At events celebrating the 2017 Nobel Prize in physics Tuesday (Oct. 3), three scientists revealed their humorous and touching reactions to discovering that they had received one of science's greatest honors.
"I was in bed! My wife, who doesn't sleep well, answered the phone," Rainer Weiss, one of the winners, said candidly during a news conference Tuesday at the Massachusetts Institute of Technology, where he is an emeritus professor. "We were all quite nude ... Now that you asked, I'm telling you!"
Early Tuesday, the Nobel Prize in physics was awarded to Weiss, Barry Barish and Kip Thorne for discovering the space-bending proof that time and space are linked like a fabric, and that there are massive forces, like black holes, that can stretch it.
Weiss, along with Barish and Thorne, both with the California Institute of Technology, produced the first physical evidence of space-time flexing from the collision of two black holes. On Sept. 14, 2015, their work on the Laser Interferometer Gravitational-Wave Observatory (LIGO) finally validated a century-old theory.
Albert Einstein first predicted gravitational waves more than 100 years ago, in his 1916 famous paper proposing general relativity. He imagined them to be the ripple effects caused by the interactions of ultramassive objects. According to Weiss, LIGO detected a change in instrument length of less than 1/1000 the size of a proton.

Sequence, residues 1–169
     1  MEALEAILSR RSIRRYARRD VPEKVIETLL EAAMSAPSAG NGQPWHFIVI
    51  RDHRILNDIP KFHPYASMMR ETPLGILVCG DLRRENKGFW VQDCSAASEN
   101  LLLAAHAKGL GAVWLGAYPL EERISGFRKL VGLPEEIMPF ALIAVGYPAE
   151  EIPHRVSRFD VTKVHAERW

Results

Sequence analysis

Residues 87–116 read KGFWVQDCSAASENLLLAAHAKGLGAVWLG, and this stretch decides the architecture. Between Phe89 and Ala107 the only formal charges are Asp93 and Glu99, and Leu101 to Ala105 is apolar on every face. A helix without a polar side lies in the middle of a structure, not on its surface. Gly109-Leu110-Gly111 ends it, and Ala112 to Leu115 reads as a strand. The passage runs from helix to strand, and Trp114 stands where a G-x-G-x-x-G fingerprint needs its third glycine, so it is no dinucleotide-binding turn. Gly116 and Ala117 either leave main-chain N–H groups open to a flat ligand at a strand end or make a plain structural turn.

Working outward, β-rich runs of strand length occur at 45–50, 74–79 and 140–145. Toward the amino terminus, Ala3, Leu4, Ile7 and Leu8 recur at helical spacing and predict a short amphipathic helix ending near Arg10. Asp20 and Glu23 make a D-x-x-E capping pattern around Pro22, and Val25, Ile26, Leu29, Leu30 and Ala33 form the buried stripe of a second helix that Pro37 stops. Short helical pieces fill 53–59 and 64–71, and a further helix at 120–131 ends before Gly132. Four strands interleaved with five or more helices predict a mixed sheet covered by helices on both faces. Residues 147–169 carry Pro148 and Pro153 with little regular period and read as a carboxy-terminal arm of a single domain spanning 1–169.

After four decades of pursuing evidence that could detect the gravitational waves that Einstein believed to exist, the ambitious LIGO project succeeded in, as Thorpe put it on Tuesday, "a half century quest."
"My feelings at the time were a complicated mixture of being thrilled and being humbled," Barish said at a Caltech news conference on Tuesday.
In fact, it was such an honor to receive the award that Weiss was initially a bit skeptical when he received the call. It took some deduction to make sure he wasn't being pranked, he said at the MIT news conference.
"All I know is that I figured it wasn't a phony," Weiss said. "I'll tell you why. The guy had this very subtle Swedish-English accent, and I said, 'That guy probably is all right, unless they're pulling a spoof on me.' It could have been anybody in the group calling me up. I can't give you a better answer." (Swedish and Norwegian institutions bestow the prestigious award, which is what made that regional accent a key piece of evidence.)
Back at the Caltech news conference, Thorne got choked up as he discussed how LIGO's success paves the way for future research and the astrophysical questions that can soon be explored.
"I am really moved by the vision of what's going to be done in the coming decades — particularly, exploring the birth of the universe," he said. "And they are dreams that I still hold near and dear to myself."